“Vernon Bogdanor is an acknowledged expert in political science and constitutional law. He also writes very well in a style which engages the reader. He offers fresh insights into both the changes which have taken place since 1997 and into the unknown future. The New British Constitution will be of value to everyone with an interest in politics or public law and is highly recommended.” ―SCOLAG Legal Journal, Issue 394
“Bogdanor...magisterially lays out the formal-legal details of recent constitutional change in Britain that lead him to see a "new British constitution" in the making... he does that with admirable clarity and precision.
It is a must-read for anyone concerned with the constitutional ferment in Britain.” ―The Journal of the Review of Politics, Volume 73
About the Author
- Publisher : Hart Publishing; Illustrated edition (June 8, 2009)
- Language : English
- Paperback : 336 pages
- ISBN-10 : 1841136719
- ISBN-13 : 978-1841136714
- Item Weight : 1.15 pounds
- Dimensions : 6.14 x 0.71 x 9.28 inches
- Best Sellers Rank: #1,180,952 in Books (See Top 100 in Books)
- Customer Reviews:
Top reviews from the United States
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For Americans this is puzzling and confusing as English Common Law helps to shape and form so much of our society. While the Westminster system of unifying the legislative and executive branches is a bit alien to Americans the idea of scrapping what has worked for England for centuries seems an odd idea indeed. Why fix what isn't broke? But the reality, as pointed out by Bogdanor, is that Britain is trying to move with the times. Joining the European Economic Community in 1973 set Britain on the path towards modernizing its constitution as more power flowed towards Brussels. But Bogdanor argues that the piecemeal changes occurring since that time have failed to revive and rejuvenate British politics, but have instead redistributed power rather than democratizing the political process. Bogdanor argues for divesting power to the people and is clearly a fan of proportional representation, arguing for primaries to select parliamentary candidates as opposed to the old first-past-the-post rule, increasing use of referendums and the use of citizens' assemblies. While that sounds good on paper one need only look at the mess California has gotten into thanks to the referendum process. And while the primary process would make elections somewhat more democratic it would be the death of typically quick British elections as witnessed by the marathon contests here in America.
While the timing of "The New British Constitution" couldn't have been better, and it is quite well written, it remains a polemic with a clear agenda. Bogdanor is clearly looking to establish a dialog and makes persuasive arguments, but the reality is there are equally persuasive counterarguments which aren't made here. As Americans regularly groan about the inefficiency of our country's political system it boggles the mind why Britain would want to adopt some of the same processes. The Westminster system cannot be that badly broken to warrant such an injudicious fix.
Top reviews from other countries
Other resources are more suitable for laying down the framework of the (semi-unwritten) British Constitution (the prime principles of Parliamentary Sovereignty, Rule of Law, Conventions, ...), but this book weaves together these constitutional principles and forecasts what is happening next.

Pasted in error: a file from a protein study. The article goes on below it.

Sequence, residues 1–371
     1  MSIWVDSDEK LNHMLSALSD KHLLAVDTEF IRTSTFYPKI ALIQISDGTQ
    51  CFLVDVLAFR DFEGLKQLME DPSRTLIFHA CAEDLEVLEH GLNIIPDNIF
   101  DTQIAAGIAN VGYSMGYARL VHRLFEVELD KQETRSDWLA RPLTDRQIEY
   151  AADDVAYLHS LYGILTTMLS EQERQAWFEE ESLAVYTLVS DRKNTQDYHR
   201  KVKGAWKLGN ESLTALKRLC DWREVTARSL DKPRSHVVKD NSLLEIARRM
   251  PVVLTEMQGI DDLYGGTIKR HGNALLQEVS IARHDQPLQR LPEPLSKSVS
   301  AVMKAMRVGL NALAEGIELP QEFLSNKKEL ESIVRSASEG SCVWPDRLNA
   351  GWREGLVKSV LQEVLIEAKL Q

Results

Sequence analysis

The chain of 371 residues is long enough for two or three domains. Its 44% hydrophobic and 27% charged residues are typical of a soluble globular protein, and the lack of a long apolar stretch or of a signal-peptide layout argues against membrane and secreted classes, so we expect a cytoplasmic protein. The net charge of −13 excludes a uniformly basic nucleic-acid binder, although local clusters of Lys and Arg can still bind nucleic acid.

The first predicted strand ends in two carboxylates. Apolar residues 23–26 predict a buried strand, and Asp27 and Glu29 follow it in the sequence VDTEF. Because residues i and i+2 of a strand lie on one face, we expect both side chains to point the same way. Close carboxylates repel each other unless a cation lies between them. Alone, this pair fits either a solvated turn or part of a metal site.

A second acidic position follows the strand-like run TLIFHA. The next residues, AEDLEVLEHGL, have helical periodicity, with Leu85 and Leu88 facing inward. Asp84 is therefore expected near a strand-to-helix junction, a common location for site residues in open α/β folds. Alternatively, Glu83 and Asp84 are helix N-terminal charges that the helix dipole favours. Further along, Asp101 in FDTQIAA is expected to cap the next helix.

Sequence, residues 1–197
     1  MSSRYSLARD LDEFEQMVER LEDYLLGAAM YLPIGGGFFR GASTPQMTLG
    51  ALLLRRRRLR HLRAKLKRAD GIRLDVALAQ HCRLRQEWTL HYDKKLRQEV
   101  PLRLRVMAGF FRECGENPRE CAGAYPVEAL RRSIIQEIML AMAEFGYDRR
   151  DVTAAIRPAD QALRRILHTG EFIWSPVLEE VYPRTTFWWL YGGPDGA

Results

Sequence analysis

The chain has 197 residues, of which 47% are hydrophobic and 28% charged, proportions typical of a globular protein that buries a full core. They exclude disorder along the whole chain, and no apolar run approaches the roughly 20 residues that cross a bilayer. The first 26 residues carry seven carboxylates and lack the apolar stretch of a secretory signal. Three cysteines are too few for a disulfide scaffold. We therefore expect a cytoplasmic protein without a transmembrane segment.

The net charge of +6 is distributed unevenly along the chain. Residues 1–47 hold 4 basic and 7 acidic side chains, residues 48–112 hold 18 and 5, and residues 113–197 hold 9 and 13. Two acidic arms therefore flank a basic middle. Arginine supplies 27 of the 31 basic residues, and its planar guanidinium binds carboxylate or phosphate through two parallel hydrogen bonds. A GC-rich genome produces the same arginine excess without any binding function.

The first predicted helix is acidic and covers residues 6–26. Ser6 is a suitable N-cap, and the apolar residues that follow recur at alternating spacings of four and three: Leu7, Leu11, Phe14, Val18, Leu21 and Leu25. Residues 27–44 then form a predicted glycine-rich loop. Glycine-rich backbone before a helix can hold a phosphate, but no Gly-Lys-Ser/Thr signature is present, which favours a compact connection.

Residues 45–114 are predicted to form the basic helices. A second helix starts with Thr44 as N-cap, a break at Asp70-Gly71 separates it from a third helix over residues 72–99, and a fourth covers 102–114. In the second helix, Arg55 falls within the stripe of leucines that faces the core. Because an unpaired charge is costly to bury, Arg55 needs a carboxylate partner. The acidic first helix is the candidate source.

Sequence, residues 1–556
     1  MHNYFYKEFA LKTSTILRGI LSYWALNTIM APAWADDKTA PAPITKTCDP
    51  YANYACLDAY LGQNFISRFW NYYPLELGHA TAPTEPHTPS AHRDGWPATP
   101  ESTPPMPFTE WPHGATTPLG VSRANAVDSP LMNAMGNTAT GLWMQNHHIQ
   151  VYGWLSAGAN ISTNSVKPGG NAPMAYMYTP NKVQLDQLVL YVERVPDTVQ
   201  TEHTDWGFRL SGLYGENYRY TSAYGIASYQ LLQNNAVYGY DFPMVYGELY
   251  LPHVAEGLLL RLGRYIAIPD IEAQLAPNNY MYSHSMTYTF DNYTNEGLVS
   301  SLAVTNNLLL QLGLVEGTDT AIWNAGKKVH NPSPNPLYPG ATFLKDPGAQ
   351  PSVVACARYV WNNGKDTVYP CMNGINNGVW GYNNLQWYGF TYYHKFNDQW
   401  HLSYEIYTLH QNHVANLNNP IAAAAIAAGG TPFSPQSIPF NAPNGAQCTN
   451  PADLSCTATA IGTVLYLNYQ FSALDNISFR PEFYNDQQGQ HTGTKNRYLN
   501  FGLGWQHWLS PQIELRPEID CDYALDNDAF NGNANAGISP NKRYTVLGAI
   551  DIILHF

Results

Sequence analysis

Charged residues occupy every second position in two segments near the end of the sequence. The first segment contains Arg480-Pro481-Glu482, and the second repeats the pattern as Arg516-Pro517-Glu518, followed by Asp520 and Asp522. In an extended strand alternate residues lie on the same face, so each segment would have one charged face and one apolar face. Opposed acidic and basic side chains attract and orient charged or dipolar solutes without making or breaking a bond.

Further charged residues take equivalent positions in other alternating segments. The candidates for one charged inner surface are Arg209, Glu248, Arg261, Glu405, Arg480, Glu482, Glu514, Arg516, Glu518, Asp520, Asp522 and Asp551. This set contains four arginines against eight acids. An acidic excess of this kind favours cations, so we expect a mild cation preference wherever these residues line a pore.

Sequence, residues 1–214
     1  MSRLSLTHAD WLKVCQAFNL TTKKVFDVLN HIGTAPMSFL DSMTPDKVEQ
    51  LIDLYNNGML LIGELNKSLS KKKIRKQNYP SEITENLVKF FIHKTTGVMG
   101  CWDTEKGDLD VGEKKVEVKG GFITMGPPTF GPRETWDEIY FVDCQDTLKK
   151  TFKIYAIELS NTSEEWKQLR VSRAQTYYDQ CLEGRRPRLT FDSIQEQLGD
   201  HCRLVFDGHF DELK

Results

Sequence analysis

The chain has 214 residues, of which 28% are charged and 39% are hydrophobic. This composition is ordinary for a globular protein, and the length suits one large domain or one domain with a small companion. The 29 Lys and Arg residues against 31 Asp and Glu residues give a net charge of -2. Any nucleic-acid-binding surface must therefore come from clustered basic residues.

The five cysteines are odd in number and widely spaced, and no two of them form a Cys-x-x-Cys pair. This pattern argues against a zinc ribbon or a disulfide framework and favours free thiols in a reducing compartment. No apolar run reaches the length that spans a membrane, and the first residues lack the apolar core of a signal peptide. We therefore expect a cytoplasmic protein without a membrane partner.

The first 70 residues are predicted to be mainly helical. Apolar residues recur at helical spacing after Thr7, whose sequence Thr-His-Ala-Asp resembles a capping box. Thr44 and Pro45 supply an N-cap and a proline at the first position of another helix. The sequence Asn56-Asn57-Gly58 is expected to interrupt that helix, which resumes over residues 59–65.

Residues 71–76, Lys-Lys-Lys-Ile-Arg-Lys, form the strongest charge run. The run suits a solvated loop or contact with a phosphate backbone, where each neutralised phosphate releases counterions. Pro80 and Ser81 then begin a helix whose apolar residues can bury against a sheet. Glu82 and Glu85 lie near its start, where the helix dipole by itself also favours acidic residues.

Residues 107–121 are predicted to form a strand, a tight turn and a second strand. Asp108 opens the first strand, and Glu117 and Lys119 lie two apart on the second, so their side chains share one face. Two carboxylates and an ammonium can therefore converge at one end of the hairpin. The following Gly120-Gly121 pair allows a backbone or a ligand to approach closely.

Chapter 4 is especially useful for those who are studying 'Devolution' as part of their Public Law syllabus. It talks about the justification for initiating devolution (for Scotland, it is to maintain the unitary structure. For Northern Ireland, it is to create channels of discussion between the unionists and nationalists), the 'West Lothian'/English question, and suggests what may happen in the future.
Chapter 11 is truly incredible. Never have I been so interested in public law as a subject, and as a whole. If you are going to read just one chapter from this book, this is the chapter you should read. Bogdanor tracks down the nature of Parliamentary Sovereignty as a principle, and how it is under assault due to constitutional reform (ECA, HRA, devolution, Constitutional Reform Act 2005, ...), and talks about the death of Bagehot's conception of the constitution ('near complete fusion'), and the declining nature of the Diceyan prime principle of Parliamentary sovereignty.
Chapter 11 on its own can be used to answer exam questions on parliamentary sovereignty. That is, if you understand the key foundation of the principle.
'The New British Constitution' is not a textbook. It cannot help you to achieve a high mark, as you need theory (and the requisite understanding) for that.
However, it is a fantastic supplement, that clears up the key constitutional principles, and charts the changes over the recent decades, and forecasts the future.
If I started off my Public Law course by reading 'Chapter 11' of this book, my attitude towards the subject would have been completely different. I would have been less reluctant to study the subject. Shame that I discovered this book two nights before the exam. Nevertheless, I think it saved me for the one question that asked about P.S. (in light of constitutional changes such as the ECA).
The University of Oxford professor Vernon Bogdanor explaines in a clear, easy to read way what's going on and why this happens. There is no hope that the Conservatives under a seemingly ignorant David Cameron can restore the old order, as it has already gone under several constitutional changes by New Labour (Devolution!) and by the integration in die EU in the 1970s. So, lets talk about the new constitution! Bogdanor makes a brilliant start.